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ARS Home » Plains Area » Manhattan, Kansas » Center for Grain and Animal Health Research » Grain Quality and Structure Research » Research » Publications at this Location » Publication #225511

Title: Mechanism of Gas Cell Stabilization in Breadmaking. II. The Primary Gluten-starch Matrix.

item Bean, Scott

Submitted to: Journal of Cereal Science
Publication Type: Peer Reviewed Journal
Publication Acceptance Date: 7/8/2008
Publication Date: 8/9/2008
Citation: Sroan, B.S., Bean, S. and Macritchie, F. 2008. Mechanism of Gas Cell Stabilization in Breadmaking. II. The Primary Gluten-starch matrix. Journal of Cereal Science. 49:41-46.

Interpretive Summary: It is the unique properties of the gluten proteins of wheat that allow bakery products such as breads, pizza, and tortillas to be made. This research project examined the role of gluten and starch in stabilizing gas cells in bread, which are important in determining product quality. Fractions of gluten proteins with different molecular weight distributions were prepared and added back to flour, then strain hardening and mixing parameters measured. Doughs with higher strain hardening index were sufficiently extensible to respond to gas pressure but also had sufficient strength to resist collapse. The phenomenon of strain hardening appeared to depend on the balance between strength and extensibility of the entangled network of polymeric proteins of wheat flour. The optimum balance seemed to exist when the relative proportions of polymerice proteins greater and smaller than the optimum molecular weight were roughly 60:40. A shift in the balance to either side was related to a decrease in loaf volume. The smaller polymers (less than the optimum molecular weight) may decrease the stability of the gluten-starch matrix. On the other hand, an increase in strength conferring polymeric proteins may prevent sufficient expansion of the gluten-starch matrix required to increase loaf volume.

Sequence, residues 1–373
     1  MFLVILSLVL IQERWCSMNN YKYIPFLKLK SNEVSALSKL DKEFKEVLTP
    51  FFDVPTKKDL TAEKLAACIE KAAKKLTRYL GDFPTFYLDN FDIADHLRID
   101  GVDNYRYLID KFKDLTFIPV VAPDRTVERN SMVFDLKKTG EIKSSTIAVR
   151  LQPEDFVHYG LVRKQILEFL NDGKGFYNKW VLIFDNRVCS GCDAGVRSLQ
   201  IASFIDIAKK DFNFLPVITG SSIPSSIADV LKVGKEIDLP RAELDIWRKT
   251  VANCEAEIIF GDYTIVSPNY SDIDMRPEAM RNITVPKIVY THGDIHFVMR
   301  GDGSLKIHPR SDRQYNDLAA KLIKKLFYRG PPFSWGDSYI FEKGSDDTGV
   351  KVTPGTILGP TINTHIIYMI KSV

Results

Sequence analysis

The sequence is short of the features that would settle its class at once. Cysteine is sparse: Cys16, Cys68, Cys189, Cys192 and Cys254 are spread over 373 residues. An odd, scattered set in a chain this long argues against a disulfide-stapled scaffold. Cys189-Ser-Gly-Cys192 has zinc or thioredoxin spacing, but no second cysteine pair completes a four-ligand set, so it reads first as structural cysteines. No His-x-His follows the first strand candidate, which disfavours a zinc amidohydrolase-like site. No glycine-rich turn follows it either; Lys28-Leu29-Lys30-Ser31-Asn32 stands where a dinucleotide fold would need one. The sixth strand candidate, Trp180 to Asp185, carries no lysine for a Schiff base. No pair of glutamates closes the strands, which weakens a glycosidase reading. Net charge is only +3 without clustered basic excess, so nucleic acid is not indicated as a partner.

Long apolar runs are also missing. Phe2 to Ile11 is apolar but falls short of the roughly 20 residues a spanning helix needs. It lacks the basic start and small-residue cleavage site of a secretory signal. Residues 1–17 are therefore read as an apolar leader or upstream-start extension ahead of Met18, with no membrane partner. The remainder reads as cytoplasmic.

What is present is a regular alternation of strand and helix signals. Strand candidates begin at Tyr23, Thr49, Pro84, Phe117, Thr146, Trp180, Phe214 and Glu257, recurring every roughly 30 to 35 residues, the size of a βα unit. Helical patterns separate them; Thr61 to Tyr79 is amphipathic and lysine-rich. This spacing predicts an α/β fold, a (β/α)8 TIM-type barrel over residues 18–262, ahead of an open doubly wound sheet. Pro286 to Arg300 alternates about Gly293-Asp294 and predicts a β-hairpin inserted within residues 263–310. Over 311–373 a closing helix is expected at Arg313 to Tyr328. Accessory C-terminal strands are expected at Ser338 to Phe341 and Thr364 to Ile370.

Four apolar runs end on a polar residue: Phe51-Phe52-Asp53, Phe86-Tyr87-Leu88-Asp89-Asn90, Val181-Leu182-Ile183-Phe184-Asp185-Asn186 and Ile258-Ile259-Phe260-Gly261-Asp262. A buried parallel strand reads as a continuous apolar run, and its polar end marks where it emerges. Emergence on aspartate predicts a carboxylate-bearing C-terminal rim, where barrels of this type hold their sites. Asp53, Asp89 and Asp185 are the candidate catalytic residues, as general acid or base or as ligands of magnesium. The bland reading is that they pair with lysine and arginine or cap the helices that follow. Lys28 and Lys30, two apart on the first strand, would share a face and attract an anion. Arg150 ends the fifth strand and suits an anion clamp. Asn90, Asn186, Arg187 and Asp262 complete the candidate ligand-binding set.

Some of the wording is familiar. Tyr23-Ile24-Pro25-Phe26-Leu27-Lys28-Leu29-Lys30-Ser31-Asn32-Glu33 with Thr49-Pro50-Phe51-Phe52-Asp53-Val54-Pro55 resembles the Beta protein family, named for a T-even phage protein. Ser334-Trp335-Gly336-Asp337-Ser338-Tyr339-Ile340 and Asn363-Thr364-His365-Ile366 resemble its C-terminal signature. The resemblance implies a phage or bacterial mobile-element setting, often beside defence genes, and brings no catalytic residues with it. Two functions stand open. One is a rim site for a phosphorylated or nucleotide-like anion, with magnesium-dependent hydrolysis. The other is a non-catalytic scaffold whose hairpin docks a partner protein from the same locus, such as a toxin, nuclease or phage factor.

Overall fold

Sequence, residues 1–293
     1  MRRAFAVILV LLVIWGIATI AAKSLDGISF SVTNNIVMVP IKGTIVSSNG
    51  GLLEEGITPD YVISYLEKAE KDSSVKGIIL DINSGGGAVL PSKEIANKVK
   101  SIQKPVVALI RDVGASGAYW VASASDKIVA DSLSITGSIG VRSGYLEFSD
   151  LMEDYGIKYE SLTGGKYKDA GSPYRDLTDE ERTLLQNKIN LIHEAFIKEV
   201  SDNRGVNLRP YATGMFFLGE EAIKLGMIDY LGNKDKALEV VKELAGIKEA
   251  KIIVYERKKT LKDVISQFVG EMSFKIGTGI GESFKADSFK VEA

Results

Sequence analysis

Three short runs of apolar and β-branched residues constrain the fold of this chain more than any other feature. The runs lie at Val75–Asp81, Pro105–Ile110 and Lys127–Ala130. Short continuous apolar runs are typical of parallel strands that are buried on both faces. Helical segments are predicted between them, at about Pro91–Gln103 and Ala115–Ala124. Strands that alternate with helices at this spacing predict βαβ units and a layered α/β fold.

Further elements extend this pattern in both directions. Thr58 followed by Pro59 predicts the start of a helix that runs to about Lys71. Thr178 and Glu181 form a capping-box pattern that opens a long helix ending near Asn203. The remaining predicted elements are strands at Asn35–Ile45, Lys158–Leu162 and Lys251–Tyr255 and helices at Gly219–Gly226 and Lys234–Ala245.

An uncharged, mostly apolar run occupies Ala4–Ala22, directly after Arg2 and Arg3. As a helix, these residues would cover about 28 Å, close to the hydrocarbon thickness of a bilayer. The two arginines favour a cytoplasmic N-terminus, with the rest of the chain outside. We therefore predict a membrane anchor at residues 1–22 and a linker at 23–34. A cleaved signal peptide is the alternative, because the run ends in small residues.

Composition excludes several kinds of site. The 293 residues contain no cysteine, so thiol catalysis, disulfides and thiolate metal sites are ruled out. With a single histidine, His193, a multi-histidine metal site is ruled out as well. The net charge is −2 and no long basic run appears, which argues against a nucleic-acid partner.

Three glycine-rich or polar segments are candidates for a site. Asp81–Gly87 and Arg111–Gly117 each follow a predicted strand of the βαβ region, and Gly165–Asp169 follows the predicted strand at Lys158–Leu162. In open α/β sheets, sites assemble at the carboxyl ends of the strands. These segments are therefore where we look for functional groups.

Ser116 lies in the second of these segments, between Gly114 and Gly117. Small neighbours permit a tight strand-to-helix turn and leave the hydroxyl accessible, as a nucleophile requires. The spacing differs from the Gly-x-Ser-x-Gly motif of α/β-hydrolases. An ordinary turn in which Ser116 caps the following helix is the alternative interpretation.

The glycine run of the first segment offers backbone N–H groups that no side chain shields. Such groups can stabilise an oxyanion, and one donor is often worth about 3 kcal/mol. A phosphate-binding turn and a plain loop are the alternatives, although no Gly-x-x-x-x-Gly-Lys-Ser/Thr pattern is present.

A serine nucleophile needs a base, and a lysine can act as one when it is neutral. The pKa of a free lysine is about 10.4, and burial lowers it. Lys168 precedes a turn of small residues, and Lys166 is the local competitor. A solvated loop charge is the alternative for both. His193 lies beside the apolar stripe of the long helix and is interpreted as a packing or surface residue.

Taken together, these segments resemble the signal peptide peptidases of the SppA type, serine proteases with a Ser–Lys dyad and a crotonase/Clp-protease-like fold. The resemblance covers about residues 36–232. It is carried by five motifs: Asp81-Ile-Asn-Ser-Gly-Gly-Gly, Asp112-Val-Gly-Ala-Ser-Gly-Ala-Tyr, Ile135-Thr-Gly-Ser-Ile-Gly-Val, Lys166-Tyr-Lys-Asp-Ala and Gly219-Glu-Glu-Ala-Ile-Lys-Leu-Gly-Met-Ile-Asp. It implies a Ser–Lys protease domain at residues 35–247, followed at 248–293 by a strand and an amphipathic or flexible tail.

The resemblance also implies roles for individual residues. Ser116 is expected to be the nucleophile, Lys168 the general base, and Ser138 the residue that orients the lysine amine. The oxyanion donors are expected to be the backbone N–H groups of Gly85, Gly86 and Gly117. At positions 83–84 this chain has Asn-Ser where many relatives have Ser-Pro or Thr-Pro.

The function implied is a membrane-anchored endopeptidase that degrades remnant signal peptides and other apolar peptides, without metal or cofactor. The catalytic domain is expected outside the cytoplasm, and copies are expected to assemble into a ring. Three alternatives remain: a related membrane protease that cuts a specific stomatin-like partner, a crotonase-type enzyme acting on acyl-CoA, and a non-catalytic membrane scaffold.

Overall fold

Technical Abstract: A key parameter in the primary stabilizing dough film (gluten-starch matrix) is thought to be the property of strain hardening. The hard red winter wheat, Jagger gave higher test-bake loaf volume than a soft wheat and higher strain hardening index for dough. Rheological properties of doughs were varied by the addition of flour protein fractions prepared by pH fractionation. Fractions were characterized by SE-HPLC and MALLS. The molecular weight distribution (MWD) of fractions progressively shifted to higher values as the pH of the fractionation decreased. Changes in mixograph peak development time paralleled the changes in MWD. However, the strain hardening index and the test-bake loaf volume increased with increasing MWD up to a point (optimum), after which they declined. At a given strain rate, the behavior at the optimum is thought to result from slippage of the maximum number of statistical segments between entanglements, without disrupting the entangled network of polymeric proteins. The shift of MWD to molecular weight higher than the optimum results in a stronger network with reduced slippage through entanglement nodes, whereas a shift to lower molecular weights will decrease the strength of the network due to a lesser number of entanglements per chain.